WHYY-TV: Where you go to know
News when you need it. Entertainment when you want it. Education when it counts. WHYY brings the world right into the living room through a lineup of trusted, high-quality television programs. WHYY-TV may be viewed on WHYY 12.1, Comcast 812 and FiOS 512, and its Y Arts channel is WHYY 12.2, Comcast Channel 257 and FiOS 474 and Y Info channel, WHYY 12.3, Comcast 258 and FiOS 473.
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The latest from WHYY's original programming
- Opera Philadelphia Friday Arts — Opera Philadelphia creates outstanding productions of both classic and new operatic works that resonate within the community, assembles the finest international creative artists, and presents a wide array of programming that educates, deepens, and diversifies the [...]
- Carey Mulligan for "The Great Gatsby" Flicks — Carey Mulligan talks with Patrick Stoner about her research into the world of Old Wealth for "The Great Gatsby"
- Graduation Recital by Violinist Amalia Hall On Stage at Curtis — A graduation recital by Amalia Hall, violin. Amalia, from Auckland, New Zealand, was a student of Pamela Frank and Joseph Silverstein and entered Curtis in 2008. Her program: Gareth Farr: Wakatipu Amalia opens the recital with a nod to her native land, [...]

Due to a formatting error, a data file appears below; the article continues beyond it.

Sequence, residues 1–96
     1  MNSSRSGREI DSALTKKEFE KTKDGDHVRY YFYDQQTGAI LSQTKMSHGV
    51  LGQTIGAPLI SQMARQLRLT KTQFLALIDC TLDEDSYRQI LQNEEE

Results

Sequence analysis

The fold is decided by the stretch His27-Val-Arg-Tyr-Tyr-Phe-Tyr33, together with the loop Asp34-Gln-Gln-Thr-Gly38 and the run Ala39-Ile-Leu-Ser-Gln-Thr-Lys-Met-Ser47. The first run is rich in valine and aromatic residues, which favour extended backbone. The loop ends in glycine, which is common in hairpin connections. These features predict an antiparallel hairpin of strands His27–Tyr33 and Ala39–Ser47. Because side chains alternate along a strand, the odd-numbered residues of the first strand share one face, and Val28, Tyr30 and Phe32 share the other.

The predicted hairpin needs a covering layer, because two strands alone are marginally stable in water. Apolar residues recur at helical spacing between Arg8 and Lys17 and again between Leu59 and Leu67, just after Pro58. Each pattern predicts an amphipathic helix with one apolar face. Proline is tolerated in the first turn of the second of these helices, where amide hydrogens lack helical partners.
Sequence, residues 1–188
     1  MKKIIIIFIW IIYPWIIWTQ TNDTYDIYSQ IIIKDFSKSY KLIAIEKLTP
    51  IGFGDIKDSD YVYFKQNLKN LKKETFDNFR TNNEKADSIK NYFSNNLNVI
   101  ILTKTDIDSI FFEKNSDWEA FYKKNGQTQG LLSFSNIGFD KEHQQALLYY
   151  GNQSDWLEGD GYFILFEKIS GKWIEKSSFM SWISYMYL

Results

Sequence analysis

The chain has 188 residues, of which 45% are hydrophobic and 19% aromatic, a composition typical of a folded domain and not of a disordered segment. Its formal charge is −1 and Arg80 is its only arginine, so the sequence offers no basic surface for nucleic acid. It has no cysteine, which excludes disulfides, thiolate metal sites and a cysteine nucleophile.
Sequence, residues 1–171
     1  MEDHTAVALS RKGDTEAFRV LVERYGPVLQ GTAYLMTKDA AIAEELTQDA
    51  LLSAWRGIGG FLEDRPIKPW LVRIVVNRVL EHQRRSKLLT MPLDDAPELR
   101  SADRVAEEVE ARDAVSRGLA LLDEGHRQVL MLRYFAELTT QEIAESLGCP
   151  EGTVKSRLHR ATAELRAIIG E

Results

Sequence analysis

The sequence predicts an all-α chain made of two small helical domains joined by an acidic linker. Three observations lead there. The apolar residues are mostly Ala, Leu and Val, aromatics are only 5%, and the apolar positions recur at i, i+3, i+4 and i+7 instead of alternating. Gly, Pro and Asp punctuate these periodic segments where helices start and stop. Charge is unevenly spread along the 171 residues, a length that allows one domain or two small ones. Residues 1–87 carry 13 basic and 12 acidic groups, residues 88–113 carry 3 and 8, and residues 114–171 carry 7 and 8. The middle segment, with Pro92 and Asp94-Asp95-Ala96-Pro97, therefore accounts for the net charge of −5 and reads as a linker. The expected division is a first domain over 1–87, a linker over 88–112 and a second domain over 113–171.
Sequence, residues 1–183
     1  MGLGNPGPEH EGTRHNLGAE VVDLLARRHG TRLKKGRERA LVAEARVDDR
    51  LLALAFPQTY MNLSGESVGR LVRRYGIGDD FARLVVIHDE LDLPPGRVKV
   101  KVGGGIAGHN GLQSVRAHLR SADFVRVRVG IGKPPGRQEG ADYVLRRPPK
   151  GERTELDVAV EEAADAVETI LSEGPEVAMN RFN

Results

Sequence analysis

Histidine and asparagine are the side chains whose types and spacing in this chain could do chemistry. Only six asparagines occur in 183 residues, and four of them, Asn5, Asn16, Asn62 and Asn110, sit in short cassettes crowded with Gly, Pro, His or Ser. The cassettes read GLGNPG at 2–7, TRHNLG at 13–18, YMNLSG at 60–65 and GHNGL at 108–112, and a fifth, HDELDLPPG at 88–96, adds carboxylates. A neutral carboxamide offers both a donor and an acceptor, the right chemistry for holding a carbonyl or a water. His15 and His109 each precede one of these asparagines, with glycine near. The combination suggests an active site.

- Smash Palace On Canvas — The story of Smash Palace is the real deal; a dedicated band that's paid its dues and continues to create some of the best melodic rock n roll you'll ever hear. The Butler brothers do what they do best, 60s jangle rock, 70s rock swagger, 80s power pop, 90s Brit rock [...]
- First for Friday, May 17 First — Delaware works to restore its beaches and dunes from Hurricane Sandy, residents of the Jersey Shore work to protect their homes from future storms, Susan Love addresses the rising sea level, Route 9 corridor flooding, Bay Shore's unique shore threat, and what it takes a be a river pilot.
- Artworks: May 2013 ArtWorks — In this edition of ArtWorks we discover where art meets agriculture; a sculptor delves into her self portrait; a photographer shows us that the past is often just an arm's length away and we meet a renowned violinist who made his mark during the cold war.